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The International Betting Integrity Association (IBIA) has a new face to represent its causes. The global sports integrity body appointed former professional basketball player Jean-François Reymond as its Athlete Education Ambassador.
The IBIA announced this week the appointment of its new Athlete Education Ambassador. Former French basketball player Jean-François Reymond will now help the organization promote sports betting education globally, especially in the fast-growing markets of the Americas.
The IBIA explained in an announcement that Reymond will work closely with stakeholders to fulfill its mission. He will also team up with the IBIA’s player associations and partners in various jurisdictions to establish and support sports betting education campaigns.
The IBIA aims to stomp out fraud and match-fixing in all sports. It proactively works with sports teams and organizations worldwide, developing programs to clean up all sports. One of the IBIA’s ongoing endeavors is to provide greater educational opportunities that, among other things, emphasize the signs of potential match-fixing.
The IBIA Has a New Frontman
Reymond has worked with athletes and in the regulated betting sector for years. After serving as a professional basketball player for more than 12 years, he became the EU Secretary-General for Athletes in 2012, where he led two major European sports betting education projects.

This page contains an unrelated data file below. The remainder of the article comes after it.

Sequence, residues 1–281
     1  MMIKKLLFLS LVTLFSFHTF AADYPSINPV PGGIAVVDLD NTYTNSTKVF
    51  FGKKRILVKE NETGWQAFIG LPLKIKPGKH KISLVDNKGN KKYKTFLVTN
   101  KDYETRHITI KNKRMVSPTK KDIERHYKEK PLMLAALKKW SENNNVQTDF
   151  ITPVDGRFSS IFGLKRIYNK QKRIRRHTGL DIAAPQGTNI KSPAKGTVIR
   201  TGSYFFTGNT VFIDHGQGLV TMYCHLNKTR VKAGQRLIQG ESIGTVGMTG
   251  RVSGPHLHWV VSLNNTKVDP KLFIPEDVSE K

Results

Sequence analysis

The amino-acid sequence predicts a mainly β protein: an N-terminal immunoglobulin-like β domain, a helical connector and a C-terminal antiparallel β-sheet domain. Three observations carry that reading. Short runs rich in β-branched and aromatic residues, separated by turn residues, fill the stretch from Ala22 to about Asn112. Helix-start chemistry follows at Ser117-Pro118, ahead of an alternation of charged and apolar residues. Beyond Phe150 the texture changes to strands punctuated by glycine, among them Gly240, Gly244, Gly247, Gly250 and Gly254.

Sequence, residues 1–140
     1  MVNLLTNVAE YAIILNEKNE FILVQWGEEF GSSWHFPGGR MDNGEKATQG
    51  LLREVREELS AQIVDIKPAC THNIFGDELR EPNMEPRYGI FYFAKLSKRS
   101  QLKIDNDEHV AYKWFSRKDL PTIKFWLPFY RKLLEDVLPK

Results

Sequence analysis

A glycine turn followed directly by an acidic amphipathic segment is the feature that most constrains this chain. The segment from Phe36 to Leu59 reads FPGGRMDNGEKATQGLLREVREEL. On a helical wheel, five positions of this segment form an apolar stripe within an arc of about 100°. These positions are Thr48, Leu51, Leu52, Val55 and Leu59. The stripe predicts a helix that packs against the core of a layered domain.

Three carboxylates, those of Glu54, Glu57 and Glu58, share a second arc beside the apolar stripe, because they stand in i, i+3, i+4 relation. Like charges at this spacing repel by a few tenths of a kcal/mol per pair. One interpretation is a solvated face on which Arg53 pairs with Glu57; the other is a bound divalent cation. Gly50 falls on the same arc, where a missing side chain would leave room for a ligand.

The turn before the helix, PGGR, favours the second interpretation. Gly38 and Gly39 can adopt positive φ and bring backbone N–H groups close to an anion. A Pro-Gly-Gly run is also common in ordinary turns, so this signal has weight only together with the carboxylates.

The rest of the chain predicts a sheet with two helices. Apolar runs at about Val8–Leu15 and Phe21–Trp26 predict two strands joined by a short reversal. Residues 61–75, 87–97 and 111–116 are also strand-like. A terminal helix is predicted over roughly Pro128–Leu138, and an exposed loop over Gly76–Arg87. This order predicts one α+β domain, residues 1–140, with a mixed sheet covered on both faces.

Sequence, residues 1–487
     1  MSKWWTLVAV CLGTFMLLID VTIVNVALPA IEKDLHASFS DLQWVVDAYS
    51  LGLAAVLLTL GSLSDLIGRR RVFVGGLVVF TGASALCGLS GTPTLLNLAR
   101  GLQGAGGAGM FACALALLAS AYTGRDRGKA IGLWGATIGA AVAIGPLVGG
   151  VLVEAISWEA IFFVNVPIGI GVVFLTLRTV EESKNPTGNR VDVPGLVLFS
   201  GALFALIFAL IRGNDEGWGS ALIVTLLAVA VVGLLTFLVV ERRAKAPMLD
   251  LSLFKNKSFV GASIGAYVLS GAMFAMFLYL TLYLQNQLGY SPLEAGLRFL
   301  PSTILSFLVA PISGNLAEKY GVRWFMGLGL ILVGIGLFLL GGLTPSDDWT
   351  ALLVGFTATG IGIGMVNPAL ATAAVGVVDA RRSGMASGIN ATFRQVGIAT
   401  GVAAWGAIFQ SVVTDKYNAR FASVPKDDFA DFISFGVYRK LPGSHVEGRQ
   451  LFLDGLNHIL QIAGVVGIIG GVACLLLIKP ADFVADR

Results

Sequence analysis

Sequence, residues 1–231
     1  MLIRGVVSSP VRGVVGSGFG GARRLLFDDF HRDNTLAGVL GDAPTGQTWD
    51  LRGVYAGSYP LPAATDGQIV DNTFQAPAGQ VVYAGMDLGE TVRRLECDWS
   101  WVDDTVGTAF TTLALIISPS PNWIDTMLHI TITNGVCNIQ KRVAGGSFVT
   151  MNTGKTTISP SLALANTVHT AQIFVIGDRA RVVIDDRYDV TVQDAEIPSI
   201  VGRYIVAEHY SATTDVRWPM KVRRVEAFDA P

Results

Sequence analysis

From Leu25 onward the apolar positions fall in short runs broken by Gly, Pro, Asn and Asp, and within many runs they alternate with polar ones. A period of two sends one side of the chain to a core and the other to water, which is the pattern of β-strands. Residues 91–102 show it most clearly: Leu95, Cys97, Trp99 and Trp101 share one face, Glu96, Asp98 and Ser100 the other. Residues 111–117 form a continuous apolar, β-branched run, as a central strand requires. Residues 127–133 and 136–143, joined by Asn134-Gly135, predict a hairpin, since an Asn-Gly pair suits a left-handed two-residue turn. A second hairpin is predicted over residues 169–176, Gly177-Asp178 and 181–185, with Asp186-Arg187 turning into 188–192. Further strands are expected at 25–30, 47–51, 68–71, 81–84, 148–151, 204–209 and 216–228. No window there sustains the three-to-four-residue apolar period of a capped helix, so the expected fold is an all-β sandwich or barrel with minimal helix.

In addition, Reymond was a member of France’s initiative to combat the manipulation of sports competitions between 2016 and 2019. Until 2017, he was also VP of the World Players Association.
IBIA Leads the Way in Global Sports Integrity
The IBIA acts as a representative of the regulated betting industry in the fight against corruption in betting. Its goal is to protect the integrity of sport. In February, as part of its international expansion, it announced the launch of its integrity monitoring service in the US and Canada.
Recently, it also signed a working agreement with the Canadian Gaming Association (CGA). It followed that up with another with the Colombian equivalent, the Federation of Lucky and Gambling Entrepreneurs (FECOLJUEGOS). In both cases, the IBIA is working on projects to protect the integrity of sports and sports betting in those markets.
Protecting the integrity of sport means protecting the integrity of athletes. The lack of knowledge of a growing number of different regulatory models and sports rules is creating an increasingly challenging environment for athletes,” said Reymond.
Last year, the IBIA reported 236 cases of suspicious sports betting. This number represents a decrease of 13% from the 270 cases reported in 2020. The questionable activity was mostly seen in tennis and soccer but also spanned another 11 sports. Europe was the biggest offender.
The 2021 figure is consistent with recent years. In each of the previous three years, there has been an average of 240 alerts.
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